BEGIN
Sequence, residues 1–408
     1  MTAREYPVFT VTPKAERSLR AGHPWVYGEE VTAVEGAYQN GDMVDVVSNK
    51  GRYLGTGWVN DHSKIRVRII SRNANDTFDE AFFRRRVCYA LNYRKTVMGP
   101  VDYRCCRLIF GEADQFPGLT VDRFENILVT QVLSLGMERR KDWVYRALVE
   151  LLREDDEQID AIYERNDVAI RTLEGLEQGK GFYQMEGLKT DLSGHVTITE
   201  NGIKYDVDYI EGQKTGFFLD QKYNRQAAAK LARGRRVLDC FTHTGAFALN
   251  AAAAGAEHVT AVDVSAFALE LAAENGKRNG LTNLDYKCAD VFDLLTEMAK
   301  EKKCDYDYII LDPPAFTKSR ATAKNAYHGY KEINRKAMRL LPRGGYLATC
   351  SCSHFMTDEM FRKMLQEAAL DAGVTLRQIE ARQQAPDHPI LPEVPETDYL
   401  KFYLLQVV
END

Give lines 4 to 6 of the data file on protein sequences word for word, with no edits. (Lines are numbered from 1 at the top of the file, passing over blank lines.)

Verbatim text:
   101  VDYRCCRLIF GEADQFPGLT VDRFENILVT QVLSLGMERR KDWVYRALVE
   151  LLREDDEQID AIYERNDVAI RTLEGLEQGK GFYQMEGLKT DLSGHVTITE
   201  NGIKYDVDYI EGQKTGFFLD QKYNRQAAAK LARGRRVLDC FTHTGAFALN